Security in San Miguel: Six Months into the New Administration
By David Bossman
Ricardo Villarreal was inaugurated as mayor six months ago, so this is an appropriate time to evaluate security during that period. People keep asking: Is the security situation really better under this administration?
In order to properly evaluate, one has to have an historical context: We need only look back to the difficult period of 2013-2014. Reported house robberies in San Miguel had soared. Every month, there were new reports of home invasions in the campo. Street muggings in our town were up considerably. Car vandalism and thefts were becoming more frequent.
Few, if any, arrests were made. The municipal police, which had been cut by almost 50 percent because of officers’ failures to pass the “honesty” exams, were overwhelmed. Mexicans and expats were clearly nervous; many expats (and some Mexicans) were quietly selling their homes because of real security concerns. Those of us who were near the center of the action put out a call to organize. Sanmiguelenses Unidos was born. Even as we pressured the Trejo administration to make security a priority in our city, we were frustrated by the lack of a significant response.
Some folks will dispute some of the specifics, but we should never forget the reality of that period. Do you remember when residents of various colonias did not see a police car for weeks at a time, when callers were not even able to reach the police emergency numbers, when small bands of thieves were breaking into people’s homes on Sunday afternoons while they were out?
Last June, the citizens elected Villarreal, who had promised during his campaign to seriously confront the huge security issue. The new mayor took office on October 10 and began by appointing Lic. Ricardo Benavides as his Secretary of Security. He had worked in Aguascalientes where he was involved in rooting out corruption, as well as cleaning out that city of cartel influences. In San Miguel, Secretary Benavides immediately began police sweeps of the affected colonias and, with the help of the State police, performed routine street checks of hundreds of suspicious young men and women—sending a message that these misdemeanors (small drug sales, car vandalism, gang activity) would no longer be tolerated.
The first few weeks of the new administration were dicey. Several gunfights broke out around the city, with more than a dozen gang members killed or injured during apparent struggles to establish their turf. Indeed, October and November were nervous times as many citizens wondered whether Pandora’s box had been reopened.
Meanwhile, behind the scenes, Benavides began removing other police officers who were tied to corruption and crime. Several were arrested. The rebuilding process began and new officers were actively recruited.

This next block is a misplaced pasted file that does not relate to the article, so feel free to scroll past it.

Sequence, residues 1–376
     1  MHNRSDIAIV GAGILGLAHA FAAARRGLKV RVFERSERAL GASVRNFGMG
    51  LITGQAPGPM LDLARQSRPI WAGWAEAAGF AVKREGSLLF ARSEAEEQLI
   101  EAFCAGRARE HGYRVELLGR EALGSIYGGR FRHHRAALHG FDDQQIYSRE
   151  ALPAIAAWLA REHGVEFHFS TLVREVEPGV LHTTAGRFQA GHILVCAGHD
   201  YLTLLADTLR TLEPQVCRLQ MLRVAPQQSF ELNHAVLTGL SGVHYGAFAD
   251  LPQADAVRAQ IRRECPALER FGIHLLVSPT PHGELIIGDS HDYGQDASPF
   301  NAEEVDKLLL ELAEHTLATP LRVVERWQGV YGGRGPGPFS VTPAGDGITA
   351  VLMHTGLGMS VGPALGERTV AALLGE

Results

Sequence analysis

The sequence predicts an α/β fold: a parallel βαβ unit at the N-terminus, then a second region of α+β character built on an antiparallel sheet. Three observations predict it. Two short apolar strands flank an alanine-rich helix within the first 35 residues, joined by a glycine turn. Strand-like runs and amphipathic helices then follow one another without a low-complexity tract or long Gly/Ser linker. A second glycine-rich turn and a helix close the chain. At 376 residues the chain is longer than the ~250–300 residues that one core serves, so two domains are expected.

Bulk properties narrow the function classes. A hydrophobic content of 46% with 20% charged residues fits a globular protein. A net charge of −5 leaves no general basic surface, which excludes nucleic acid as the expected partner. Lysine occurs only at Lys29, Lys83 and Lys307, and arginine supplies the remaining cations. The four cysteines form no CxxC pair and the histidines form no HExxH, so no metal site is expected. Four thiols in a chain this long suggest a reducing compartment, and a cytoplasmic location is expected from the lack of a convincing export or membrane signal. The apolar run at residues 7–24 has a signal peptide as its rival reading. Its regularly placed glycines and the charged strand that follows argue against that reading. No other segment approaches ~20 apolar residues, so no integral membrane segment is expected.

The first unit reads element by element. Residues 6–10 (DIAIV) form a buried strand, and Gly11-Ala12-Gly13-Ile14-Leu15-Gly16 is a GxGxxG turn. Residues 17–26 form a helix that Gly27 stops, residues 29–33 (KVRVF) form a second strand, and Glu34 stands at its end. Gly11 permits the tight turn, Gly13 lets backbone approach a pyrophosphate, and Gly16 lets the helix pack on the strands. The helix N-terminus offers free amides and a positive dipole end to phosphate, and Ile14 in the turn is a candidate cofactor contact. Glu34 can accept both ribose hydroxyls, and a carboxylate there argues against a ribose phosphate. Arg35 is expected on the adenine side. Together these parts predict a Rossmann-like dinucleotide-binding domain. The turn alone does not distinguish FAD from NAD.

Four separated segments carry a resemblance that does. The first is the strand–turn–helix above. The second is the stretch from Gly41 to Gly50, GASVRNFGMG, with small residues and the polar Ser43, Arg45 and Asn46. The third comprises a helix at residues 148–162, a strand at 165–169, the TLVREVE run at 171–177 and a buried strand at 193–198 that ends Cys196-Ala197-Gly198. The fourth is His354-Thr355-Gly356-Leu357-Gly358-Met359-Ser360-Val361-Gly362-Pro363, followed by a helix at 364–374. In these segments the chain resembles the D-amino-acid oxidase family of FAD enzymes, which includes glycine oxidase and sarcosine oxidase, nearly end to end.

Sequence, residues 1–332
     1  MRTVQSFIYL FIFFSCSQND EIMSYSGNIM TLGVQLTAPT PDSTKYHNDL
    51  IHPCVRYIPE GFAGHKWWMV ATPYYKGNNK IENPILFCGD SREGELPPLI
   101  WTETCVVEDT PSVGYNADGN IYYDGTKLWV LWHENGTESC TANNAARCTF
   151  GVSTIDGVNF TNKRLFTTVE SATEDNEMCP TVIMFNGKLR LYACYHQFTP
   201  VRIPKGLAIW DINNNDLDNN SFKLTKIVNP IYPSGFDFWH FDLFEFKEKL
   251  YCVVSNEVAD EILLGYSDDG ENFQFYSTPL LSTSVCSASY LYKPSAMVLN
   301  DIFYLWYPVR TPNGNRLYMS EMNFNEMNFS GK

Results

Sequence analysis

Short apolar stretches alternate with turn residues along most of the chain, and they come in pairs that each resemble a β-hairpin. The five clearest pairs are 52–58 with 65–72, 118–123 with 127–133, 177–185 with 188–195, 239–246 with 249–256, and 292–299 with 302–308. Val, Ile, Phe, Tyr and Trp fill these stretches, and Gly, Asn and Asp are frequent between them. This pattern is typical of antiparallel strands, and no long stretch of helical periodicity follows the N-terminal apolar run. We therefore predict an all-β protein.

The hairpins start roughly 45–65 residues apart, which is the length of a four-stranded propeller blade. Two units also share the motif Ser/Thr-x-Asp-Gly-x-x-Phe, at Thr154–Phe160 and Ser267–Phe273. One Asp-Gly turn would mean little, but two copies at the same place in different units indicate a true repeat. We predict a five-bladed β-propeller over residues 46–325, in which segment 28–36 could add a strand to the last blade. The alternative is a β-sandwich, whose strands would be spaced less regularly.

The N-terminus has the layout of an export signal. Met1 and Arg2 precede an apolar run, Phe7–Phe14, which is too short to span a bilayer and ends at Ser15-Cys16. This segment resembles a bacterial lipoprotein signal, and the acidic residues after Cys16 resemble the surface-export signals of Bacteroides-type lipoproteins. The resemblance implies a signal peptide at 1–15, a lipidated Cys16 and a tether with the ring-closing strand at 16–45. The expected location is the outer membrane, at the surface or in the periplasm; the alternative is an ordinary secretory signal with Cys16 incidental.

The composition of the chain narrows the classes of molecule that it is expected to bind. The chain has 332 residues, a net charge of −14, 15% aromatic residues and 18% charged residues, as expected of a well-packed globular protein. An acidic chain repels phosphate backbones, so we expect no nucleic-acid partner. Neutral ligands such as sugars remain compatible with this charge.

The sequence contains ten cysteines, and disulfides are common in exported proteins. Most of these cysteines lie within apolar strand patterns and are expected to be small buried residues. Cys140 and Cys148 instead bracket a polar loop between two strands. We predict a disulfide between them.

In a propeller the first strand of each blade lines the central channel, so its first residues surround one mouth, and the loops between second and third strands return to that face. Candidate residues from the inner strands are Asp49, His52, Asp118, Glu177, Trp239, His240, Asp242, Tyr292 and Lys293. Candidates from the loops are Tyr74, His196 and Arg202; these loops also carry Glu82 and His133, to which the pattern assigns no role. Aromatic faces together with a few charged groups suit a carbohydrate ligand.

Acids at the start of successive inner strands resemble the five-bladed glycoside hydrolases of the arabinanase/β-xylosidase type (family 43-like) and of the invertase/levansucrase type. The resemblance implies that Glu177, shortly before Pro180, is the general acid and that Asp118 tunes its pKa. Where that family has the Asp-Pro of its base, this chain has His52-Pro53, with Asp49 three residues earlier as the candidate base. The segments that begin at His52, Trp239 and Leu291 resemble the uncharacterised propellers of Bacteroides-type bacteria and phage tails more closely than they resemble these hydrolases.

The crime stats tell part of the story. Our own comparative analysis reveals that house robberies and home invasions are down considerably during this time period. Car thefts have been reduced, and the homicide rate is actually lower. However, on the other side of the crime ledger, street robberies are up (74 recorded in January and February.) At that rate, more than 400 such robberies will be committed during this calendar year … a completely unacceptable number. Sexual assaults continue to increase, as San Miguel has the unfortunate distinction of being near the top of the Guanajuato State list in that violent crime category.
Sanmiguelenses Unidos will continue to advocate for an organized neighborhood policing program. In our conversations with Secretary Benavides, he maintains that he is open to such programs, but he reminds residents that he needs a full complement of forces in order to make that a reality.
We have a long way to go. Rome wasn’t built in a day, and San Miguel will not be re-built in six months! Although businesspeople and government officials have chosen the path of increased development and greater tourism, they haven’t always taken into account the added stress on city services—especially police and transportation.
The Villarreal administration, in our view, is off to a decent start, but it must continue to look for community input, creative policing solutions, and perhaps most important, financial help from the restaurant, hotel, and real estate communities so that educational and preventative crime programs can be expanded. Only then will San Miguel successfully make a peaceful, well-planned transition from small town to a World Heritage City, which fully protects and respects all of its residents and visitors.